What's So Amazing About Grace? was named Book of the Year by the Evangelical Christian Publishers Association in 1998. In 2006, it ranked 17th on Christianity Today's list of fifty books that have shaped Evangelicals the most. In a Publishers Weekly review, Henry Carrigan notes an anecdotal style that can be frustrating but ultimately worth reading. For the Presbyterian Record, Canadian Christian writer Phil Callaway writes that he found the book refreshing and inspirational. What's So Amazing About Grace? has been endorsed by a number of public figures, including Irish musician Bono, British adventurer Debra Searle, and World Vision Australia CEO Tim Costello.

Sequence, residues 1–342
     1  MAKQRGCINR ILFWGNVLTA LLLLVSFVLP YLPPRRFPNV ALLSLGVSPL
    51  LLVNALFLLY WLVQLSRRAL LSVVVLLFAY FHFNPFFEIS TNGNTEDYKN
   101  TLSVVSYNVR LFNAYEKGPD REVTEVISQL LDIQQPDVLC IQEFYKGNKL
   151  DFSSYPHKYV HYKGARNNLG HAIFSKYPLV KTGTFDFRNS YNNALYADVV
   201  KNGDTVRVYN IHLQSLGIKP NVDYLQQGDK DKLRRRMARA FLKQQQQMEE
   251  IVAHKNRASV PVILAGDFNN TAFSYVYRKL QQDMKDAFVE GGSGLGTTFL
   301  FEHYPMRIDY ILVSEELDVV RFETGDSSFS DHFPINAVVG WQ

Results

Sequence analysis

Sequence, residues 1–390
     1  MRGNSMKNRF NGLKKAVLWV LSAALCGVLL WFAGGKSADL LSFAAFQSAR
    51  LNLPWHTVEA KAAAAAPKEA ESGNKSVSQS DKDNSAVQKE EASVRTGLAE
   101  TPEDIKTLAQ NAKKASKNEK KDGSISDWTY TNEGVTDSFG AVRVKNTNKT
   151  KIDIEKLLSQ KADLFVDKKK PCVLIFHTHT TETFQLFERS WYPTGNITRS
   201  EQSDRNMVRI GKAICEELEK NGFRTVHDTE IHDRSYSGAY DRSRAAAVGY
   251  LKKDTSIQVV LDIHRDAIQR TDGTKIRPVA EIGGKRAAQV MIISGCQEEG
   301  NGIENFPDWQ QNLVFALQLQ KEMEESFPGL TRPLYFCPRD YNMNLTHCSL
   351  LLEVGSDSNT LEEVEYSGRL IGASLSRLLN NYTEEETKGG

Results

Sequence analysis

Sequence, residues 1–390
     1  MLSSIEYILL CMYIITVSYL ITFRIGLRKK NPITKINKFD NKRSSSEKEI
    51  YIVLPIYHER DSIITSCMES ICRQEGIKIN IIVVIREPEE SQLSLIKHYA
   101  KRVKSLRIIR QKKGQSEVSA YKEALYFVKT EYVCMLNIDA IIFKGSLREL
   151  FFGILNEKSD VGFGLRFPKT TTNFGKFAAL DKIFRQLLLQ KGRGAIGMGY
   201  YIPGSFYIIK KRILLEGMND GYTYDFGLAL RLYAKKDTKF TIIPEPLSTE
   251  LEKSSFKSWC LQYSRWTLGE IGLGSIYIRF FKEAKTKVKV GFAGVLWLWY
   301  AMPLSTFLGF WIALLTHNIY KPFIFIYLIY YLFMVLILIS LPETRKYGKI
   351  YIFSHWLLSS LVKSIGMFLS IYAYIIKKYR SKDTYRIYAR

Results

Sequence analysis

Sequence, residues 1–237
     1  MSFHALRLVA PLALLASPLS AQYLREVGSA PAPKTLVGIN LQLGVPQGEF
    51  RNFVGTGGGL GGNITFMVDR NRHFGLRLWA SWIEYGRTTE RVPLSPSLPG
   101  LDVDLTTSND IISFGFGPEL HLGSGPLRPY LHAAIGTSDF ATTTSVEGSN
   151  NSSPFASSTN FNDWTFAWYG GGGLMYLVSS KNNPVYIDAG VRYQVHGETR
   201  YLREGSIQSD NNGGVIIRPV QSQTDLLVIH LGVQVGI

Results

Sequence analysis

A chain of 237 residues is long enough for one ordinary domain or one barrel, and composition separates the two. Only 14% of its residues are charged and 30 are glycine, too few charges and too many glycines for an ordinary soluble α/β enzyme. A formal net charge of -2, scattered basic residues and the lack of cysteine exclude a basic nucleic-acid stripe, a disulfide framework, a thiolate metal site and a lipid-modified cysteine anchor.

Philip Yancey, an American journalist based in Colorado, was inspired to write a book about grace in Christianity when he went to the White House to interview President Bill Clinton. Clinton, a Southern Baptist from birth, told him, "I've been in politics long enough to expect criticism and hostility. But I was unprepared for the hatred I get from Christians. Why do Christians hate so much?" Yancey later said that, although there are many reasons for Evangelical Christians to disapprove of Clinton's policies and lifestyle, hating him was not a valid option for Christians.The author was further prompted to write about grace when a friend told him about encountering a homeless prostitute in Chicago who began to cry as she told him that she had raised money for drugs by prostituting her two-year-old child. When Yancey's friend asked the woman if she had sought help at a local church, she answered, "Church? Why would I ever go there? I was already feeling terrible about myself. They'd just make me feel worse." This story convinced Yancey that Christians are doing a poor job of communicating the message that God is willing to accept people, regardless of what they have done; the story haunted him, he said, because the woman was "the type of person who would have gone to Jesus. The more unrighteous a person was, the more comfortable they felt around Jesus".Yancey researched the subject of grace, asking non-Christians what they associated with Evangelical Christianity. None of their responses mentioned grace; most cited political stances, such as opposition to LGBT rights and abortion. The author initially intended to call his book What's So Amazing About Grace: and Why Don't Christians Show More of It? Zondervan, its eventual publisher, objected to the title's forcefulness, despite Yancey's argument that he wrote the book about how "we Christians are simply not known by the greatest gift we have". On February 3, 1997, Christianity Today published an essay by Yancey, the magazine's editor-at-large, with the title "A State of Ungrace", saying that it was the basis of two chapters of Yancey's upcoming book with the working title of What's So Amazing About Grace and Why the World Needs More of It. The book was published later that year with the shorter title What's So Amazing About Grace?